However, Koh denied Apple’s request for a permanent injunction blocking the sales of those devices in America.
Apple did not show that the patented features, including the iconic pinch-to-zoom gesture, sufficiently informed consumers’ decision making about what product they bought, Koh ruled. Because of that, Apple won’t get an injunction that prevents Samsung from selling the infringing products.
Apple claimed that Samsung’s growing market share was a clear sign of harm against the company. Furthermore, the company commissioned a survey to try and show that the features outlined in the patents were ones that consumers valued. Koh said that the survey wasn’t persuasive enough, noting that it did not contribute enough to their purchasing decision. In addition, Judge Koh said that the survey didn’t take non-infringing alternatives into account.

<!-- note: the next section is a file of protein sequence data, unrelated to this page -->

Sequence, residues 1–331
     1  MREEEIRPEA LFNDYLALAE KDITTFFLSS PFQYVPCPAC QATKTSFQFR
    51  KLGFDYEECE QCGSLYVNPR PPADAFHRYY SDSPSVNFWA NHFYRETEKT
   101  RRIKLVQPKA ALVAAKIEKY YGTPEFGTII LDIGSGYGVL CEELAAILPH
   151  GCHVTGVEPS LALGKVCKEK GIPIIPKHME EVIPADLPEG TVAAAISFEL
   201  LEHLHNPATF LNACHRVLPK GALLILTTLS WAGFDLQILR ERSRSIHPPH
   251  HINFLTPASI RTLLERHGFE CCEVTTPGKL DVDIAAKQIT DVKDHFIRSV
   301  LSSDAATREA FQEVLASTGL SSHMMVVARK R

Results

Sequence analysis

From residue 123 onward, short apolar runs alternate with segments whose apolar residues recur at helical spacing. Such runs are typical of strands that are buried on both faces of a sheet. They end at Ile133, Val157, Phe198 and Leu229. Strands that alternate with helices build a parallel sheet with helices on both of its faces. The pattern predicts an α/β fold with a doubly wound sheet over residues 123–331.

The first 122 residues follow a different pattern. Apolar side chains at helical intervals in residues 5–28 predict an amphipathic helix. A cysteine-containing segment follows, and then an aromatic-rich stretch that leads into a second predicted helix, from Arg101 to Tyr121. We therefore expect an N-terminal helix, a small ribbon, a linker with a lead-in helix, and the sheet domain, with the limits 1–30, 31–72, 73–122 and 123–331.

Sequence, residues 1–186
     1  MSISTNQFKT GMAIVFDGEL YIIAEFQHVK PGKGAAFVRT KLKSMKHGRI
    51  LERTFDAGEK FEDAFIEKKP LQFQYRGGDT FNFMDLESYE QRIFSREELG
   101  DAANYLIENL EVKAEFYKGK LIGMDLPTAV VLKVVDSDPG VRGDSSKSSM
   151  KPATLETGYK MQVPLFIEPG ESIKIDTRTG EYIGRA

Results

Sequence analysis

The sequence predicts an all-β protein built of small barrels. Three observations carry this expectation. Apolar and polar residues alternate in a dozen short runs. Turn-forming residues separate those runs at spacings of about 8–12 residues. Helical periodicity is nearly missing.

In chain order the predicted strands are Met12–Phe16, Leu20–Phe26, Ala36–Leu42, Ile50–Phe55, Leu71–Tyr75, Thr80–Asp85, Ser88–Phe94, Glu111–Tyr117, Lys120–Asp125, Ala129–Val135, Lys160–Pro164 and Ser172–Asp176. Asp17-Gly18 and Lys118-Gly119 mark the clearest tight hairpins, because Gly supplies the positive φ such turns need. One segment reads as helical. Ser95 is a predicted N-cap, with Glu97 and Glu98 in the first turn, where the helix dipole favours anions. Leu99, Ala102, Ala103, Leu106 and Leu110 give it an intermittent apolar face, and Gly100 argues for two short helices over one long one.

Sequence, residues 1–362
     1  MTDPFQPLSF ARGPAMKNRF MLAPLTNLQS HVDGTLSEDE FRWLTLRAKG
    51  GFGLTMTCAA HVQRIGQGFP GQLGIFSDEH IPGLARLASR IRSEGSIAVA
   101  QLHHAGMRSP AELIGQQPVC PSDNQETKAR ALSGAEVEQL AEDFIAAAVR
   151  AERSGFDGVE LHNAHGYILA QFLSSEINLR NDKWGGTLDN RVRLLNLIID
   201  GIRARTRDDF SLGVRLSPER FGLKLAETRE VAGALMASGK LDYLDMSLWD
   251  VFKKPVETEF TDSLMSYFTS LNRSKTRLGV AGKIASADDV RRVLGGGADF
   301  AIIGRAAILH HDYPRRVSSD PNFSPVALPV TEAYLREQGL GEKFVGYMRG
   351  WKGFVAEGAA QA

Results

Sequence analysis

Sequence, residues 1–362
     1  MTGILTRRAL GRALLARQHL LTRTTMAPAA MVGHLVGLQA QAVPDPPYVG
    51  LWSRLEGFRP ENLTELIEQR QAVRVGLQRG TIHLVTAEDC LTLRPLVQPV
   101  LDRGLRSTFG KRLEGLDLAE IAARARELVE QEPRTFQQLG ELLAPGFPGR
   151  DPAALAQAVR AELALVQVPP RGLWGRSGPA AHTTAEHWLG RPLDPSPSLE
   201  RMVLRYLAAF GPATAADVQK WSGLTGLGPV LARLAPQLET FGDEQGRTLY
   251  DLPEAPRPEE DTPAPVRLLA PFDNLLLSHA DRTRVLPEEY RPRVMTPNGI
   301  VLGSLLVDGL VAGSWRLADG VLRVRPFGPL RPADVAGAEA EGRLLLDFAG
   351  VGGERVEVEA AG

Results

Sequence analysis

Either company could choose to appeal Koh’s decision, but even if they don’t, there are still more legal battles to be fought. The two parties are going to trial in a few months over a different set of patents.
It’s an important ruling for other companies embroiled in similar litigation. An injunction banning the sale of an infringing product is a powerful weapon in a patent litigant’s arsenal, and Koh has set a high bar for other smartphone makers looking to successfully make a similar claim.
Assuming Koh’s reasoning stands up to appeal, it will be a part of the decision making process for judges looking to evaluate similar claims, whether they’re from Apple or Nokia. The message in the ruling is clear: if a company wants to get an injunction to block the sale of a product, they have a lot to prove in order to get there.
Here’s Koh’s ruling in full (via Florian Muller of FOSS Patents):